Skip to main content

Verified by Psychology Today


Repairing Sexual Withholding in a Marriage

If talking about sex is difficult, talking about not having sex is worse.

  • Sexual avoidance or disinterest exacerbates feelings of self-exposure and judgment.
  • Both partners can feel confused, rejected, and resentful.
  • Repairing sexual withholding means opening up a discussion.
  • The first way to start reconnecting is through the simple act of kissing.

Sex is one of our most private experiences, according to Stephen Mitchell, author of Can Love Last? Talking about sex is self-exposing because sex is about basic drives. “The corporal intensity of sexual arousal and gratification, in its very power, contributes to its utter privacy” ( Mitchell, 2002, p.17).

Despite that sex is a common experience we share, we don’t really know what sex is like for anyone else—even our partner.

When the sexual life in a couple’s relationship meets their mutual needs, regardless of style or regularity, the feeling of satisfaction and of being desired often buffers feelings of exposure and self-consciousness and makes non-verbal and verbal communication possible. This in turn enhances desire and connection.

A Night for Couples Struggling with Sexlessness
Source: Eimizu/IStockPhotos

As opposed to this, unexplained sexual withholding, be it refusal, avoidance or more nuanced sexual disinterest exacerbates feelings of self-exposure and judgment and leaves both partners feeling confused, rejected, and resentful. The situation not only further compromises communication, but it also erodes the day-to-day intimacy and knowing each other that fosters sexual connection.

  • "When he stopped initiating, I figured he was no longer interested in me. I’m not going to reach out."
  • "When I try to be affectionate, she seems to brush it off like she is busy, I don’t want to be rejected."

If imagination fuels sexual desire, imagination in the face of sexual withholding fuels negative presumptions, blame, self-loathing, fear of replacement, retaliation, and detachment.

While it is often feared, for example, an affair is not the most common reason for sexual avoidance. Far more likely sex killers are stress, kids, lack of sleep, alcohol, self-image, erectile dysfunction, and medication.

Sexual Withholding in a Marriage Can Be Addressed and Repaired

What I have found with many couples, over many years: When one partner’s willingness to open the discussion about lack of sexual connection is met by the other’s equal wish to understand, a step toward mutual connection becomes possible.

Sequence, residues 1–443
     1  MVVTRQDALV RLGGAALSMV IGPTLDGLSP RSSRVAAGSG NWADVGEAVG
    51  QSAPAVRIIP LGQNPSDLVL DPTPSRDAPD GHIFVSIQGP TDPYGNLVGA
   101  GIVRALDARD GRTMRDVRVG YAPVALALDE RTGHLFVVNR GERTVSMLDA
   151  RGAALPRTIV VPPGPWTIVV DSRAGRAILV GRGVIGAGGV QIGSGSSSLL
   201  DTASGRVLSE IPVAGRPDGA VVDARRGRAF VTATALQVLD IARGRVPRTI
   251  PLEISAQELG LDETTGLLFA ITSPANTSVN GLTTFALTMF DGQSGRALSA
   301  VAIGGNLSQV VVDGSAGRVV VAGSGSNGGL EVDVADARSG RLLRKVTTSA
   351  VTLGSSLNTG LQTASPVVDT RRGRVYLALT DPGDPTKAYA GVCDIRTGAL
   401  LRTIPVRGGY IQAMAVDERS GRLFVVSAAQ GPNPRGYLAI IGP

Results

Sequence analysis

As I have asked many couples: “You did not become partners and lovers under duress, did you?”

A way to take present guilt or tension out of the situation is to start by remembering the original feelings of choosing and wanting to be with each other.

Think back to the circumstances of your initial meeting, what was the first step toward intimacy? What is the best memory as lovers?

The important question to ask is whether you still want to be “more than friends.” Many partners are shocked by the other’s expressed wish to be much more than friends, especially in the face of sexual withholding.

If so, you have set the stage for authenticity and hope. Even if connection can’t happen tomorrow.

How Do You Make Connection Happen?

It is not uncommon for sexual withholding and the downward slide in a marriage to begin with a physical problem that a partner is actually struggling with, but not talking about. Exhaustion, pain during intercourse, erectile dysfunction, depression, body image, addictions, and other problems.

When the fear of the other’s response or self-judgment gets projected on to the partner, the reality of who you are to each other becomes compromised.

  • “With the pandemic, the kids, and working from home, I am so anxious and tired, I can’t sleep; I have been avoiding affection because I can’t do one more thing.”
  • “I am having trouble; it’s a bad feeling. I didn’t know how you would feel about my using Viagra or something."

Partners usually sigh with relief and show concern when each finally understands what is going on.

That doesn’t mean sudden pressure to have sex. It means becoming more informed (Information on Male Performance Drugs, The Viagra Myth, A Tired Woman's Guide to Passionate Sex, Great Sex Starts after 50). It means seeking medical consultation and re-thinking exhaustion in terms of chores and obligations. And it means slowly re-instating small but powerful steps to bring back interest and intimacy like compliments, love texts, neck rubs, hugs, mini rituals like watching re-runs, new rituals, soft landings for saying: “Not now, but let’s make a plan.

An Often Overlooked First Step

Dr. Helen Fisher, author of Why Him? Why Her?, recommends that to turn on the adventure in your sex life, start kissing.

Forget that one or both of never liked it, don’t know how to really do it. Just start. Plan to wait for the first scene of kissing in a Netflix series or steamy movie, put it on pause, and give it a try for as long as you can.

Helen Fisher recommends that you devote 15 to 20 minutes just to kissing. Why? Kissing sets your brain into high activation because all of the senses are involved. Your lips, tongue, and mouth are packed with neurons that are responsive to the subtlest sensations. Attachment hormones are elevated, stress hormones are reduced and male saliva contains an abundance of testosterone that can prompt sexual desire. Why not?

No matter what you try, there is nothing more potent in stirring sexual interest than the feeling of being desired. Consider finding each other as lovers again.

Facebook image: Syda ProductionsShutterstock

More from Suzanne B. Phillips, Psy.D., ABPP
More from Psychology Today